In the US state of California, the University of California (UC) is a public land-grant research university system. The eight campuses—Berkeley, Davis, Irvine, Los Angeles, Merced, Riverside, San Diego, San Francisco, Santa Barbara, and Santa Cruz—as well as other research facilities and academic exchange programs make up the system, which has its main office in Oakland. The institution is the land-grant university of the state. Most UC campuses are consistently ranked among the top colleges in the world by major magazines. Along with Berkeley, seven of UC’s campuses have been admitted to the Association of American Universities since the 1970s. UC was one of the founding members of the organization in 1900. As Public Ivies, Berkeley, Davis, Santa Cruz, Irvine, Los Angeles, Santa Barbara, and San Diego are regarded as such, making California the state with the most number of universities in the country. Almost all academic fields have a substantial number of notable faculty members on UC campuses, and as of 2021, 71 Nobel Prizes had been awarded to UC researchers and academics.
Over two million living alumni, 24,800 faculty members, 167,300 staff members, and 294,309 students attend the system’s 10 campuses together. In fall 2005, its newest campus, located in Merced, opened. Nine campuses accept graduate and undergraduate students, while UC San Francisco only accepts professional and graduate students in the health and medical disciplines. Furthermore, the University of California College of the Law, which is situated in San Francisco, is independent yet legally connected to UC and uses its name. The University of California is a component of the three-system public higher education plan for the state, which also consists of the California State University and California Community Colleges systems, as per the California Master Plan for Higher Education. The state constitution safeguards the Board of Regents’ independence from the other branches of government, which allows them to oversee UC. Additionally, the University of California oversees or co-manages Los Alamos National Laboratory (LANL), Lawrence Berkeley National Laboratory (LBNL), and Lawrence Livermore National Laboratory (LLNL) for the U.S. Department of Energy.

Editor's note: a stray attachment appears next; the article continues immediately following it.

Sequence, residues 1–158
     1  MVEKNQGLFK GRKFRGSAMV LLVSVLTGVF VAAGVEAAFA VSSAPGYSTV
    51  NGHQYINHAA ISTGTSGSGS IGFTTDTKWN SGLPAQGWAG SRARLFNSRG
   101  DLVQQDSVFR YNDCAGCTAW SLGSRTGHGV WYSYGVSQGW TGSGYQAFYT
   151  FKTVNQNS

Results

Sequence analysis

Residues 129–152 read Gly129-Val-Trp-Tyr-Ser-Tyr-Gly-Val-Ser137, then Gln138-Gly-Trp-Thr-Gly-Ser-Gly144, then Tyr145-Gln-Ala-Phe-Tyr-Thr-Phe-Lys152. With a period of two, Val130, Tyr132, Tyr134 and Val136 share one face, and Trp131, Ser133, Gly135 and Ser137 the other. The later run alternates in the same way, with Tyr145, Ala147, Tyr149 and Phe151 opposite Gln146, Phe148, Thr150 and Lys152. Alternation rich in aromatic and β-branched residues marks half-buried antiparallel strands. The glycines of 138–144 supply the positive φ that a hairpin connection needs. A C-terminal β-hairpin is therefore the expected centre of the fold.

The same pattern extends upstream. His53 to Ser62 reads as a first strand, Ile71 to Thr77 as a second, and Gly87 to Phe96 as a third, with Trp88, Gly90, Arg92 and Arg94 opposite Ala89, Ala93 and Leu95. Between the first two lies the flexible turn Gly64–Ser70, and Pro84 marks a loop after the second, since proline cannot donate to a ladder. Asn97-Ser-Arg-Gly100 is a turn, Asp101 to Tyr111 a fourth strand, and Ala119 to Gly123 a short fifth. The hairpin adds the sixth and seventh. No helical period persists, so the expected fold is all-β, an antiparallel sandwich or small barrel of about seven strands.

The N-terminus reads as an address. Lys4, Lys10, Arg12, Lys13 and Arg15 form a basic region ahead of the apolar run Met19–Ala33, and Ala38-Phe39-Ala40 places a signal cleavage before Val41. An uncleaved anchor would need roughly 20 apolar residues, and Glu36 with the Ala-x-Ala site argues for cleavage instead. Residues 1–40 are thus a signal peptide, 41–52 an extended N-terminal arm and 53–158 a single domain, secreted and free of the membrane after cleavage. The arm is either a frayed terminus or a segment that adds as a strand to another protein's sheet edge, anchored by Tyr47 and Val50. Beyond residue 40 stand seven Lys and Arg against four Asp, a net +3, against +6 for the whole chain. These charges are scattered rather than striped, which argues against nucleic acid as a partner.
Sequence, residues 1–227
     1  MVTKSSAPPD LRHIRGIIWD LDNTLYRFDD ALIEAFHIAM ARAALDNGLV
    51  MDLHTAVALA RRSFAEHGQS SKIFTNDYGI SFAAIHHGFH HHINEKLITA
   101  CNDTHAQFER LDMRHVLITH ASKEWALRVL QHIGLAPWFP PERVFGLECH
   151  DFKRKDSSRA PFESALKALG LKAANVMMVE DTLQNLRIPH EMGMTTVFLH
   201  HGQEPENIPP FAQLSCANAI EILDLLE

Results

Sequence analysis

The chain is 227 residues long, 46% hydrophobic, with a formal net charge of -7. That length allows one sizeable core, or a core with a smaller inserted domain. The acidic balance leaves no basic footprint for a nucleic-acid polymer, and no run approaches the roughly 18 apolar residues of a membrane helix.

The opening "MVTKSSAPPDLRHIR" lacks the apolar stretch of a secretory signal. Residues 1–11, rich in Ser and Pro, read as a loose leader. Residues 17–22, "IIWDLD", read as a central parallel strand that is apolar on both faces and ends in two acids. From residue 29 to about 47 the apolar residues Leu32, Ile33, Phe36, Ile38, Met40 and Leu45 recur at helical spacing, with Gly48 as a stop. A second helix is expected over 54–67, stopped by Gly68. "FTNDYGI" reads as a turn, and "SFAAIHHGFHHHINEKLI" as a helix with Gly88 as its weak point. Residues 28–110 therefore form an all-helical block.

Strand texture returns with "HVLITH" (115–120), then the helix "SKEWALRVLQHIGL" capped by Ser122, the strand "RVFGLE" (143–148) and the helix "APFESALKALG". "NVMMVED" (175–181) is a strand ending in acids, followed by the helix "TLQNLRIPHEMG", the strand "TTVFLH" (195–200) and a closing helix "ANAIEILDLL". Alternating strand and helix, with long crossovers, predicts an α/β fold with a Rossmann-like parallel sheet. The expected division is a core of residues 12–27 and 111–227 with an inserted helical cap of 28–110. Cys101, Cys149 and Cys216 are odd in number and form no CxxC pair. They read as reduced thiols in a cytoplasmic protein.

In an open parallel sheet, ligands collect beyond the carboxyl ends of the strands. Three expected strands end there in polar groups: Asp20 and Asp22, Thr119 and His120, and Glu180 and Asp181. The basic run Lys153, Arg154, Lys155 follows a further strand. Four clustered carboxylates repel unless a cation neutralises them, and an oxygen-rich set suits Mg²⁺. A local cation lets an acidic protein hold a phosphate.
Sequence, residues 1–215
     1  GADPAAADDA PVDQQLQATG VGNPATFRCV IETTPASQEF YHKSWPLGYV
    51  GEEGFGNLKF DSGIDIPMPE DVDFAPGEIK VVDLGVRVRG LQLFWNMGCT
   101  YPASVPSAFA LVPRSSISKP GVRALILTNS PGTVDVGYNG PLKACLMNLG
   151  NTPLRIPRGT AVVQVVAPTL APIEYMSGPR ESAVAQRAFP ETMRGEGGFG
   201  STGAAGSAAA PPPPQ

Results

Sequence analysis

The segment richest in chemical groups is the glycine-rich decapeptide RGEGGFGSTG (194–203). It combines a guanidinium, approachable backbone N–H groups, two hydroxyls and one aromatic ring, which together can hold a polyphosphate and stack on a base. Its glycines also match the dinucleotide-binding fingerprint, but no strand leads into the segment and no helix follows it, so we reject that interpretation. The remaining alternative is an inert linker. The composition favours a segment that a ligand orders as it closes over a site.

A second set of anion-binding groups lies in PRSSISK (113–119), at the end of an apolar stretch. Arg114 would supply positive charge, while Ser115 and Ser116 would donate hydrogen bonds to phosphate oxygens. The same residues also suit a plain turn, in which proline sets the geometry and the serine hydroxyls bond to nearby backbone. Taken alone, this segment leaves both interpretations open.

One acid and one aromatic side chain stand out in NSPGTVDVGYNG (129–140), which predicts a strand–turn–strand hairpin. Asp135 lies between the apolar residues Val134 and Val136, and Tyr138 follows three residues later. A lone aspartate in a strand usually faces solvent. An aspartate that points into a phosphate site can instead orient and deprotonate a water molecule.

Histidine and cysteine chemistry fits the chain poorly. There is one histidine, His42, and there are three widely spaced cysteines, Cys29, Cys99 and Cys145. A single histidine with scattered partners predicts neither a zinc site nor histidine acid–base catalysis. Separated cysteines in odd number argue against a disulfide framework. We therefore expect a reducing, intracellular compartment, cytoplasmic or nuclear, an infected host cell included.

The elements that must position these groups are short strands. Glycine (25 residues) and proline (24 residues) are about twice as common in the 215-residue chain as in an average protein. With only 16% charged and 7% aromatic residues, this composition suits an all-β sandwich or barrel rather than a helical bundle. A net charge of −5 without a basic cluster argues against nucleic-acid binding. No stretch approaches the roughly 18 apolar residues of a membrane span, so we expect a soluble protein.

Founded on March 23, 1868, the University of California was once located in Oakland, where it also housed the College of California’s assets until relocating to Berkeley in 1873. It was also connected to independent San Francisco law and medical institutions. Numerous satellite programs and branch locations were built around the state during the ensuing eight decades. The University of California started reorganizing itself in March 1951 to become something different from its Berkeley campus. Robert Gordon Sproul, the president of the university, continued to serve as the chief executive of the UC system, while Clark Kerr became the first chancellor of Berkeley and Raymond B. Allen became the first chancellor of UCLA. But Sproul and his friends blocked the 1951 restructuring, and it wasn’t until Kerr took over as UC president in 1957–1960 that UC was able to transform into a university system. Back then, chancellors
California enacted its first constitution in 1849 with the specific goal of establishing a comprehensive educational system that included a state institution. In 1866, the California State Legislature founded an Agricultural, Mining, and Mechanical Arts College by utilizing the provisions of the Morrill Land-Grant Acts. But it was really a paper placeholder created to obtain federal land-grant funding.
Congregational pastor Henry Durant, a Yale alumnus, had founded Oakland, California’s private Contra Costa Academy on June 20, 1853. The original location, which is now designated by State Historical Plaque No. 45 at the northeast corner of Thirteenth and Franklin, was bounded by Twelfth and Fourteenth Streets as well as Harrison and Franklin Streets in downtown Oakland. The trustees of the academy were then granted a charter for a College of California in 1855; nevertheless, the college did not begin to function as a college until 1860, when it began offering college-level courses. Although the college was only graduating three or four students annually as a true college, its trustees, instructors, and supporters believed in the value of a liberal arts education, particularly the study of the Greek and Roman classics. However, they encountered resistance to liberal arts colleges on the American frontier.